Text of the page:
This article has been co-authored by Ryan Singleton, communications coordinator at the AIDS Foundation of Chicago.
A recent arrest under an antiquated Illinois HIV criminalization law challenges how media handle sensitive information when stigma and livelihood are at stake.
The facts of this case are limited:
The individual who filed the complaint was "a 24-year-old man," according to a press release from the Cook County Sheriff's Office.
The alleged aggressor, a 38-year-old Cicero police officer, was charged with criminal transmission of HIV.
"We are concerned about the publicity and stigma generated by media for these men and for others living with HIV," said David Ernesto Munar, president and CEO of the AIDS Foundation of Chicago (AFC).
AFC is dismayed that the Cook County Sheriff's Office, as well as articles from various news outlets, would publicize the name, hometown, and picture of the man being charged. Such negligence could foment greater HIV stigma and discrimination for the officer from Cicero.
"Since the known facts are limited and the case has yet to go to court, it's important to handle the information we know carefully," Munar said. "We don't want the man being charged to be tried in a court of public opinion, which could have personal and professional implications for him."
Without knowing the specifics of this suit, it is still worth exploring the overarching impact of Illinois' HIV criminalization laws.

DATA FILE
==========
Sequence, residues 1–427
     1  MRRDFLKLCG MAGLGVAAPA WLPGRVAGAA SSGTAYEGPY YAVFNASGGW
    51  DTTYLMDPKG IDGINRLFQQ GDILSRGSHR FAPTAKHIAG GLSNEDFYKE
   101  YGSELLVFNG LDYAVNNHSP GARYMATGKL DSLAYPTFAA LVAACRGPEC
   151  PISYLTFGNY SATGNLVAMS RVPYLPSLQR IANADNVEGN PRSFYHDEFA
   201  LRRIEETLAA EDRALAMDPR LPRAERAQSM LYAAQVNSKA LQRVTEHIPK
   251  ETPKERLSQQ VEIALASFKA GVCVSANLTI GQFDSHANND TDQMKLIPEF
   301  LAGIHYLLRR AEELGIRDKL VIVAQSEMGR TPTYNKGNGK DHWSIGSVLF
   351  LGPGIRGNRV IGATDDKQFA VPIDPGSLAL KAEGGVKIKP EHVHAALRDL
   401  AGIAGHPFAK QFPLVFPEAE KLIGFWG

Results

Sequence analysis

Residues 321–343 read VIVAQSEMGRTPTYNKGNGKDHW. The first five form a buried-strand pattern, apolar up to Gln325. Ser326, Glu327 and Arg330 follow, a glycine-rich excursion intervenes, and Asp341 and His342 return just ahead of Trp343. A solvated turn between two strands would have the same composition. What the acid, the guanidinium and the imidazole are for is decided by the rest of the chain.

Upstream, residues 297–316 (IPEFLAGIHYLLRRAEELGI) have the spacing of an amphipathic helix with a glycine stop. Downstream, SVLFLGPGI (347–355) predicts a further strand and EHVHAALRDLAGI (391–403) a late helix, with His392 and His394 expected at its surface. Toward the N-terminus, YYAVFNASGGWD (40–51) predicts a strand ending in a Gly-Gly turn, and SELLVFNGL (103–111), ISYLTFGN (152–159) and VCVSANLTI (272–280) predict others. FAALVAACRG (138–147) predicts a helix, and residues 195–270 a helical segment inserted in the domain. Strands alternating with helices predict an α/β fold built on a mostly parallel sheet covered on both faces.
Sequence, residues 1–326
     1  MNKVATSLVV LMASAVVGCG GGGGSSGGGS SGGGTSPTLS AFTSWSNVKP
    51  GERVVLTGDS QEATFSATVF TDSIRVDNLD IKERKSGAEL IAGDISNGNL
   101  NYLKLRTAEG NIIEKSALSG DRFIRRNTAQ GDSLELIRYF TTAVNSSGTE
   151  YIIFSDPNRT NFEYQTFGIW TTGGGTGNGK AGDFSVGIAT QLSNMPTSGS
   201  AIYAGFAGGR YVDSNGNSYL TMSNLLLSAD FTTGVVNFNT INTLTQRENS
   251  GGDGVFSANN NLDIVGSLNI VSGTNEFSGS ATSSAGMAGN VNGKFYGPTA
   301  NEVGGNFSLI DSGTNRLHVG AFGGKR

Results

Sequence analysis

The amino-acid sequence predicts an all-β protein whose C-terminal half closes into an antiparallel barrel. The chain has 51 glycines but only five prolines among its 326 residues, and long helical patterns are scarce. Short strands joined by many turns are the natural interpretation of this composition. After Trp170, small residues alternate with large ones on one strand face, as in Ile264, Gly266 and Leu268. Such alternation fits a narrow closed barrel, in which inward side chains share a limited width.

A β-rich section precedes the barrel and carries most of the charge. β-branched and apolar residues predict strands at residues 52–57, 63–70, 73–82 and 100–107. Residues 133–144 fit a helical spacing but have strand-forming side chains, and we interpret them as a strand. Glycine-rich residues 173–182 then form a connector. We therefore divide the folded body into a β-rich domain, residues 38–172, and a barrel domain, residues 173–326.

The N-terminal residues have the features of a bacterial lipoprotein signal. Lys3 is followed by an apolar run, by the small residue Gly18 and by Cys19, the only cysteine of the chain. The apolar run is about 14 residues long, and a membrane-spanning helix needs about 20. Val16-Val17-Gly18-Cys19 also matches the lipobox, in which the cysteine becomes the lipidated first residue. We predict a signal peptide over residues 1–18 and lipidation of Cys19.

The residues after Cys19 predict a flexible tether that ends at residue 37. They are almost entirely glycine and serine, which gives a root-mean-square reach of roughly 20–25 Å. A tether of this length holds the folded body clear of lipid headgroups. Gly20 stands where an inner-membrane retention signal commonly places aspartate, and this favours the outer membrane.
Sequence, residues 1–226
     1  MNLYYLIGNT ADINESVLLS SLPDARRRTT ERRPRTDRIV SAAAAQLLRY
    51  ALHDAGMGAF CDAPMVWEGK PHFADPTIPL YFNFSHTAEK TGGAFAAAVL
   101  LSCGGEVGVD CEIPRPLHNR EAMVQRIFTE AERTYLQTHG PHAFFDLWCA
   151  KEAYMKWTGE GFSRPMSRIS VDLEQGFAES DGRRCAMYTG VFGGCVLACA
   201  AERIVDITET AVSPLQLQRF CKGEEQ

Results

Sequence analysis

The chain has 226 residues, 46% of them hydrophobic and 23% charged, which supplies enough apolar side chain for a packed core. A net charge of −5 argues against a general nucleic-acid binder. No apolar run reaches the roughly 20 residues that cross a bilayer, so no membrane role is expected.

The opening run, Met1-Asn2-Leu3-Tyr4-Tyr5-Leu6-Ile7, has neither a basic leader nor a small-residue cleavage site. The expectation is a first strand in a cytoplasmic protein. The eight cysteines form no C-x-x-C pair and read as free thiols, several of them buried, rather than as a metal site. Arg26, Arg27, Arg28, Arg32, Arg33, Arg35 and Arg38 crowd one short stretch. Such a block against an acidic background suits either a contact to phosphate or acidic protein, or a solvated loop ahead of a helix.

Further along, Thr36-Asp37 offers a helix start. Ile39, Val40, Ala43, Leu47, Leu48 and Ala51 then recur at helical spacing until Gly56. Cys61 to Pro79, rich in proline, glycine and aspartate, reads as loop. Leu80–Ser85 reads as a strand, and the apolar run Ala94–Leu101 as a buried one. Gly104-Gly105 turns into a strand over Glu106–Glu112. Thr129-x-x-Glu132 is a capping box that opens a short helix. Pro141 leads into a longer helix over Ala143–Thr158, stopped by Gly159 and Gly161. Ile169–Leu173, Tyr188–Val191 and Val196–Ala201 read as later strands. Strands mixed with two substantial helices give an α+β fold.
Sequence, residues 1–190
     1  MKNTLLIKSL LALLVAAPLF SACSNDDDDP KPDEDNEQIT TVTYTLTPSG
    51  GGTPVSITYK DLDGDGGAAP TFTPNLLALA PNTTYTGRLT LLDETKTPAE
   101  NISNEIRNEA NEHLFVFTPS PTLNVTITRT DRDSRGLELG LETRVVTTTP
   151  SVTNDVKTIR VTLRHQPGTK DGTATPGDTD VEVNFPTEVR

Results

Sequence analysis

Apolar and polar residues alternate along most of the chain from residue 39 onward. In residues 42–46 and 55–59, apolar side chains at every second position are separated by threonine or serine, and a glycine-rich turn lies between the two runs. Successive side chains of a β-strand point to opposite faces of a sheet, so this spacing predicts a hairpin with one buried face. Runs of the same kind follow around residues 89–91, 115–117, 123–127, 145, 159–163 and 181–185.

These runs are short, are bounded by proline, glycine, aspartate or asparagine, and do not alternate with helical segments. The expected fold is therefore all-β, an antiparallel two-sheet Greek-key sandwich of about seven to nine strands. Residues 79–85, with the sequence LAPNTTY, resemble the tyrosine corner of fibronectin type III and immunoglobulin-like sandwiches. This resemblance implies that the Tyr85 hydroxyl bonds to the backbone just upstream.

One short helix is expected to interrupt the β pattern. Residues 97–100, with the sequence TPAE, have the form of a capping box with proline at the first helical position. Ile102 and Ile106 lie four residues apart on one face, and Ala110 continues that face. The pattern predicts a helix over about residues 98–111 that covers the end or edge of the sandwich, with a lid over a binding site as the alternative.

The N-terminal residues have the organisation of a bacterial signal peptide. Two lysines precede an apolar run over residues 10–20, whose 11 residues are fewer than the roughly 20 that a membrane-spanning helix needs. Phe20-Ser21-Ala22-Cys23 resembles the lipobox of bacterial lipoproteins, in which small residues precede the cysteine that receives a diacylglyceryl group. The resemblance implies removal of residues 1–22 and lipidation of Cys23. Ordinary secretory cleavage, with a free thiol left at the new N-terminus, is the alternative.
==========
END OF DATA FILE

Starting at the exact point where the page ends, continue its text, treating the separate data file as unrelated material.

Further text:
"These kinds of cases highlight the need to repeal such laws," said Ramon Gardenhire, AFC's director of government relations. "Cases that center on ambiguity often put the person being accused in a position to explain what happened between two consenting adults."
HIV criminalization laws originated in the early years of the epidemic, when public health authorities didn't know how HIV was transmitted. Lawmakers then attempted to pacify fears and misperceptions by passing legislation that would theoretically deter the spread of the virus.
The dilemma now is that these laws perpetuate the stigma of HIV/AIDS, according to Gardenhire. They also encourage some individuals to avoid testing. If people at risk of contracting the virus don't know their HIV status, then they can't be charged with criminally transmitting the disease.
But that doesn't address the problem.
Since HIV/AIDS carries a heavy stigma, it's important to think critically about existing criminalization laws and to act responsibly about identifying people who are charged under these laws.
"Everybody can play a role in destigmatizing HIV," Munar said. "From lawmakers to journalists to the general public, we have a responsibility to choose our words carefully and not jeopardize an individual's livelihood for the sake of a headline."